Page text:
Evidence that supports the continued presence of persisting organisms despite antibiotic treatment has been well documented in various animal models such as mice, dogs, and nonhuman primates [9,10,11,12]. Intriguingly, the organism could not be cultured in conventional culture medium after antibiotic treatment but could be detected by more sensitive and indirect techniques such as xenodiagnosis and PCR. Similarly, in patients with chronic Lyme infections, signs of persisting organisms in a nonculturable form could be detected by positive PCR and xenodiagnosis [13]. Persistent bacteria are suggested as an explanation for the chronic symptoms of PTLDS as well as the observations of B. burgdorferi DNA without positive culturing results [14,15].
Their claims are getting bold now!
We plan to validate these results using clinically relevant dosages in future drug combination studies in vitro and in vivo.
:woohoo:
Half of what you are taught is incorrect, but which half? What if there's another half missing?

Lorima
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Re: New: Identification of Additional Anti-Persister Activity from an FDA Drug Library

Post by Lorima » Thu 14 Jan 2016 0:38

I missed this in September. No Auwaerter as co-author this time.

This may be the first time that someone at a top-tier academic medical institution in the US has succeeded in publishing a paper about LD that I consider to be straightforward, reasonable and potentially helpful. (Though Dr. Aucott, also at Hopkins, may have paved the way.) I guess the question is not so much why did it take so long, but how did they manage it? And will they survive? ;)
"I have to understand the world, you see."
Richard Feynman

hv808ct
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Re: New: Identification of Additional Anti-Persister Activity from an FDA Drug Library

Post by hv808ct » Thu 14 Jan 2016 16:33

Re: New: Identification of Additional Anti-Persister Activity from an FDA Drug Library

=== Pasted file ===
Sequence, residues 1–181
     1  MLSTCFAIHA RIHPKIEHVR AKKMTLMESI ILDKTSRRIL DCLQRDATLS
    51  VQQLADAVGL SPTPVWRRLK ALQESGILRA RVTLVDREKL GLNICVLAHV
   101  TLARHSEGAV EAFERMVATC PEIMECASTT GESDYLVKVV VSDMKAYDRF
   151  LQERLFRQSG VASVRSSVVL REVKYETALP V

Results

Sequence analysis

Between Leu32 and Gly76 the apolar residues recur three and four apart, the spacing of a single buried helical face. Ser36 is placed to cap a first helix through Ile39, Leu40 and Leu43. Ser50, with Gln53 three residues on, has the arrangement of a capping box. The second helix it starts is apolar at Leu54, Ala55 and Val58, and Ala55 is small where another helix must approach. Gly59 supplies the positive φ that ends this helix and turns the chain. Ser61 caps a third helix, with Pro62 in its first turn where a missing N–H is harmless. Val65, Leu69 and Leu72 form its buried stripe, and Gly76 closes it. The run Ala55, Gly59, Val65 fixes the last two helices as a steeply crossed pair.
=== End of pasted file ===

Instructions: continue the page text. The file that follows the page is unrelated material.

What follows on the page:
Postby Lorima » Thu 14 Jan 2016 0:38

I missed this in September. No Auwaerter as co-author this time.
This may be the first time that someone at a top-tier academic medical institution in the US has succeeded in publishing a paper about LD that I consider to be straightforward, reasonable and potentially helpful. (Though Dr. Aucott, also at Hopkins, may have paved the way.) I guess the question is not so much why did it take so long, but how did they manage it? And will they survive?
Lyme patient/activists aren’t known for subtlety or understatement, but this may be the biggest bit of hyperbole ever posted about LD.

You must have pretty high standards for published work if you’re dismissing 35 years worth of public research and the 10,558 papers, reviews and letters listed in PubMed. How is this paper “straightforward, reasonable and potentially helpful” when it deals with the very old subject of lag-phase bacteria and their greatly diminished metabolism? As with similar studies using mycobacteria, staph, and pseudomonas, it’s a reminder that absent a functional immune system all the antibiotics in the world are not going to eliminate an infection.

“How did they manage it?” The same way they managed earlier studies using bacteria other than Bb.

“Will they survive?” Survive what? I don’t think a handful of tenured and published PhDs, MDs, and a technician are in much danger of anything—real or imagined—except maybe the morning rush hour traffic around Hopkins Medical.

Lorima
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Re: New: Identification of Additional Anti-Persister Activity from an FDA Drug Library

Post by Lorima » Fri 15 Jan 2016 16:00

Will they survive the potential professional suicide of contradicting a heavily defended article of medical dogma, in this case the belief that there are no Bb persisters that a normal immune system can't destroy, after an IDSA-recommended course of antibiotics?